Bartolomeo Manfredi, “Cupid Chastised”, 1607-1610, Oil on Canvas, 175 x 130 cm, The Arr Institute of Chicago
Manfredi’s “Cupid Chastised” first appearred in art-literature in 1937, when it was published as a newly found work by Caravaggio. There is no date, signature, or inscription on the painted to indicate otherwise. The great Caravaggio expert had already recognized and published it as by Manfredi, when it was acquired in 1947 for the Chicago Art Institute as a Caravaggio.
“Cupid Chastised” was included in the epochal 1951 Caravaggio exhibition in Milan with an attribution to the “School of Caravaggio”. Soon after acquiring the painting, The Chicago Art Institute relabeled it with its current attribution to Manfredi. However, as recently as 1972, it was suggested that it is instead by an unknown Nordic follower of Carravaggio.
Following the example of Caravaggio, Bartolomeo Manfredi chose to depict ordinary individuals in his scenes from the Bible and Greek and Roman mythology. Caravaggio had demonstrated to Manfredi and an entire generation of European artists that such lofty themes could be transformed into events experienced by ordinary people. Employing dramatic lighting and locating the action directly before the viewer, these artists were able to endow their narratives with great immediacy and power.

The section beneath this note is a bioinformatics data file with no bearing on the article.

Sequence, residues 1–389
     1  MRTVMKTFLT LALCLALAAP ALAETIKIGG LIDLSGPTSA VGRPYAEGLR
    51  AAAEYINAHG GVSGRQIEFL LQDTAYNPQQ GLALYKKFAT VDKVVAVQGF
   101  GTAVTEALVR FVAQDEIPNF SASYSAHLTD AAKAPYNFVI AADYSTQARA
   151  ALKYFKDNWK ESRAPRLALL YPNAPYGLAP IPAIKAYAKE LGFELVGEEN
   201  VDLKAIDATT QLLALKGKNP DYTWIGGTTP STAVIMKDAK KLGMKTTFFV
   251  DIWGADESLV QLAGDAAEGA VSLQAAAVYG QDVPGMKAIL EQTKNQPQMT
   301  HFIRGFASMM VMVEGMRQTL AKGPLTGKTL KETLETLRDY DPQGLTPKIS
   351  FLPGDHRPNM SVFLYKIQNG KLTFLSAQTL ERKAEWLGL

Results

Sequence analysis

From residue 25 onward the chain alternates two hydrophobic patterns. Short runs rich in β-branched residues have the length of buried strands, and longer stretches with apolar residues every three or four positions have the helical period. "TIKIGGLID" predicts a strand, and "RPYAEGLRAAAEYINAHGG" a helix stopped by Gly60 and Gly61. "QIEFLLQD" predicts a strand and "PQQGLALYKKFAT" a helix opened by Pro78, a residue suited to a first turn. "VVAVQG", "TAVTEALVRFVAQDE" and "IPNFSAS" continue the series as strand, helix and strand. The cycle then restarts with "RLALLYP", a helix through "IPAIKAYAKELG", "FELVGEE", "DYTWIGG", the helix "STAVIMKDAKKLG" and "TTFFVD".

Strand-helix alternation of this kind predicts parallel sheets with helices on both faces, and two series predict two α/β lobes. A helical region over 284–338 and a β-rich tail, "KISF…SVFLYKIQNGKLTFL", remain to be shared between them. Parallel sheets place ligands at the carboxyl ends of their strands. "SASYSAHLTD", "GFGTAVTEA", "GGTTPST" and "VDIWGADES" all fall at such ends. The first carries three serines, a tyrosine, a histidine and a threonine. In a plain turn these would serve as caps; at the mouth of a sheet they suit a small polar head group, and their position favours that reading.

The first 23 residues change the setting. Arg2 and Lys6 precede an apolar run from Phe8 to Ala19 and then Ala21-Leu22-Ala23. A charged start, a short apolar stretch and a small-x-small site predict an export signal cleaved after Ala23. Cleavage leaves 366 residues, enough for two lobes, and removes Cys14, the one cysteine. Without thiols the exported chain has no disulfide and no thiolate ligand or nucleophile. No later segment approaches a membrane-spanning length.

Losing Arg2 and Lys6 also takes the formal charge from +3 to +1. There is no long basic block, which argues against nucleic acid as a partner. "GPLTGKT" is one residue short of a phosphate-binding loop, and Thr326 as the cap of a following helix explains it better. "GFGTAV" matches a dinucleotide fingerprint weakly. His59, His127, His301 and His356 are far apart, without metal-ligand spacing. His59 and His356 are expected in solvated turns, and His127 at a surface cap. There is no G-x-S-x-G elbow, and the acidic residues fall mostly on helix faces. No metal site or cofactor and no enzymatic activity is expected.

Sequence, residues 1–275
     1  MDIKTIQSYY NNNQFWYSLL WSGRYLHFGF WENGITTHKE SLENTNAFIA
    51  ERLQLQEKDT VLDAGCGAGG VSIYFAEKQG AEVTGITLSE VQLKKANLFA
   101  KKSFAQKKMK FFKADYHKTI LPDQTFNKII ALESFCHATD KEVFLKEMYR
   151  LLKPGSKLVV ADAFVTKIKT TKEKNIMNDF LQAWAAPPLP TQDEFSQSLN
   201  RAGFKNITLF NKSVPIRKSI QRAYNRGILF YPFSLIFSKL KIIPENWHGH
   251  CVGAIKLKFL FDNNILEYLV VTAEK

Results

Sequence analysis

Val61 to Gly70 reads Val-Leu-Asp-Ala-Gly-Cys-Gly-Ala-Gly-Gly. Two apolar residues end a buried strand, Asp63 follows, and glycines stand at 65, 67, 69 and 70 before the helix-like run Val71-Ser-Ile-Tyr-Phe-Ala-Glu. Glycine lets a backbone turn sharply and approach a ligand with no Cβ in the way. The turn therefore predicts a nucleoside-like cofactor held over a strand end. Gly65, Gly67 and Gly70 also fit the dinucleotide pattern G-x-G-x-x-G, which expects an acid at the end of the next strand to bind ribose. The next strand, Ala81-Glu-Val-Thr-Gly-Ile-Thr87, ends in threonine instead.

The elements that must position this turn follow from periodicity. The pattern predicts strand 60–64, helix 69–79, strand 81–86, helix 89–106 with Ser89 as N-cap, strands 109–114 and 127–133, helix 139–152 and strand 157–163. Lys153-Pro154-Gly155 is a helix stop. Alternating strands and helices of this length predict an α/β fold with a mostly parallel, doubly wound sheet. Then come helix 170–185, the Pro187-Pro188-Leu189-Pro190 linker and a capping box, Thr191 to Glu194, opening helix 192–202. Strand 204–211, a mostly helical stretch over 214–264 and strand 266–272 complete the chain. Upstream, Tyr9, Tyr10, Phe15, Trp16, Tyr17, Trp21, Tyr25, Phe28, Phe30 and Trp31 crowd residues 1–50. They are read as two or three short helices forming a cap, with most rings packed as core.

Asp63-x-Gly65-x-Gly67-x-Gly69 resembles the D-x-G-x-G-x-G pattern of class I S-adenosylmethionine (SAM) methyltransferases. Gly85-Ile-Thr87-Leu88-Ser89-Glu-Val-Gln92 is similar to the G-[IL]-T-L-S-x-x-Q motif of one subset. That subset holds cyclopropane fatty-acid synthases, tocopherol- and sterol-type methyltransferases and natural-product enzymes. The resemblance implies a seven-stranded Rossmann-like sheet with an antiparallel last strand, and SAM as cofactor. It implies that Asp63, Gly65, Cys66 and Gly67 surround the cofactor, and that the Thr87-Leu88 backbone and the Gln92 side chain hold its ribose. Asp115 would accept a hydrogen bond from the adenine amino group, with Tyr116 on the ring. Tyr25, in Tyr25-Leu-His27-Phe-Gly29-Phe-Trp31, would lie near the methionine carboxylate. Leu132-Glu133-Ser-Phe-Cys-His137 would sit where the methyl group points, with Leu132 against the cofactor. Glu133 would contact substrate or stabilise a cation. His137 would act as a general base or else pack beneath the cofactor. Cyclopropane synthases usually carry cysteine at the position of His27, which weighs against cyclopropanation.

The depiction of Cupid’s chastisement shows a moment of high drama: Mars, the god of war, beats Cupid for having caused his affair with Venus, the goddess of love, which exposed him to the derision and outrage of the other gods. Venus implores him in vain to desist. Surrounded by darkness, the three figures are boldly illuminated from the left, intensifying the dynamism and impact of the composition.
The sheer physicality of the figures — the crouching Venus, whose broadly realized face strays from the classical ideal; the powerful Mars, whose musculature and brilliant red drapery seem to pulsate with fury; and Cupid, whose naked flesh and recumbent position render him particularly vulnerable—conveys the violent discord of the scene. On one level a tale of domestic disturbance, the story also symbolizes the eternal conflict between love and war.